Courses every undergraduate should take
THE THEME OF FAUST THROUGH THE AGES
The medieval tale of Dr. Faustus who made a pact with the devil (exchanging his soul for unlimited knowledge and worldly pleasure) does not seem to have lost any of its appeal nowadays. This course explores the history of this contract and raises the question what has kept the theme of Faust alive throughout the ages.
LEARNING DIVERSITY: GERMANY AND GLOBAL MIGRATION
This course provides a perspective on immigrants and immigration by examining the current situation in Europe, German migration history from the 19th century to the 1970s, and a comparative look at German approaches to immigration with those of the rest of the world.
EINSTEIN AND THE 20TH CENTURY
Organized chronologically, this course moves from Einstein’s years as a high-school student in Germany to his famous sojourn in Switzerland, through his brief professorship in Prague, where he met Franz Kafka, to his years in Berlin, where he achieved world-wide fame and witnessed the beginnings of the anti-Semitic terror that would ultimately force him to leave Europe and settle in the United States. Alternating between expositions of Einstein’s science and descriptions of the cultural and political worlds in which he found himself, the course continually asks students to reflect on the tense relation between science and the social world.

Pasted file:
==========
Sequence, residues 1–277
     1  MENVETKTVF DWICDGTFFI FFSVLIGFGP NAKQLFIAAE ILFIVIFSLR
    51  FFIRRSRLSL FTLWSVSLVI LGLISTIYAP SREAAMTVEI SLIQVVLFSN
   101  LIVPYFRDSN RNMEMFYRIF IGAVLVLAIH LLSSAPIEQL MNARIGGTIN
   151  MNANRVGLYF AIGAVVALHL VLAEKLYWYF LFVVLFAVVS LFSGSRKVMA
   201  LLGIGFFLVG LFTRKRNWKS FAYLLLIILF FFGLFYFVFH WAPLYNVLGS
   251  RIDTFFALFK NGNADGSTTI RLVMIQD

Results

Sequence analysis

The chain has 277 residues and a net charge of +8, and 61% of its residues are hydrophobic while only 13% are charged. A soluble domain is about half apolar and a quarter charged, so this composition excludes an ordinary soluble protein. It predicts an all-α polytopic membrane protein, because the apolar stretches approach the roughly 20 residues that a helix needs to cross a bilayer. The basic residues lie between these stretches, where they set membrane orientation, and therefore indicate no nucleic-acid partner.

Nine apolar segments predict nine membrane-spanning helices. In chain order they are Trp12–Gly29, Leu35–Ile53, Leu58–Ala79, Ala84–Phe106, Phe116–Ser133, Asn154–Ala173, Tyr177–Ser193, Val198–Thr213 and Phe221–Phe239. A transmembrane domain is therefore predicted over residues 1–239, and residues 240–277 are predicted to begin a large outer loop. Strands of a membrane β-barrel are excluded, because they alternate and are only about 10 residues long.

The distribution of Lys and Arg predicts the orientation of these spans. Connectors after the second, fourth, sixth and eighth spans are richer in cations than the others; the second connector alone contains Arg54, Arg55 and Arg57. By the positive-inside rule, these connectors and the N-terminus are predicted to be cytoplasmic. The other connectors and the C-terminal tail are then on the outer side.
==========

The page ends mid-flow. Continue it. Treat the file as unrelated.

BERLIN AND THE CULTURE OF DEMOCRACY
This course focuses on the history and culture of Berlin from 1900 to the present. It highlights the debates about democracy that emerged as a result of the Weimar constitution, the vibrant and contentious culture of the 1920s and early 1930s, the Nazi period and the destruction of the city in 1945, the divided city during the Cold War with the emergence of the Berlin Wall, and the events surrounding the collapse of the Wall and the resulting—and much disputed—multicultural metropolis of today.Back to top